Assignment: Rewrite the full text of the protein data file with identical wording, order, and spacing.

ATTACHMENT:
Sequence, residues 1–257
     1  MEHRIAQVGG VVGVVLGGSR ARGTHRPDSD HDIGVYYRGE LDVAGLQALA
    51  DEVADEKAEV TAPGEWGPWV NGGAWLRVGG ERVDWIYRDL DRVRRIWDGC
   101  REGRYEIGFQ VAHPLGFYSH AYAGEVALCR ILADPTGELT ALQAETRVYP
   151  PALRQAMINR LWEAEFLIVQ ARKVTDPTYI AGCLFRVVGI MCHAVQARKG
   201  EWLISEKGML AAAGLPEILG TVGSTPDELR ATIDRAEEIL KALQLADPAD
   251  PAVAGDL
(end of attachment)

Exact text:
Sequence, residues 1–257
     1  MEHRIAQVGG VVGVVLGGSR ARGTHRPDSD HDIGVYYRGE LDVAGLQALA
    51  DEVADEKAEV TAPGEWGPWV NGGAWLRVGG ERVDWIYRDL DRVRRIWDGC
   101  REGRYEIGFQ VAHPLGFYSH AYAGEVALCR ILADPTGELT ALQAETRVYP
   151  PALRQAMINR LWEAEFLIVQ ARKVTDPTYI AGCLFRVVGI MCHAVQARKG
   201  EWLISEKGML AAAGLPEILG TVGSTPDELR ATIDRAEEIL KALQLADPAD
   251  PAVAGDL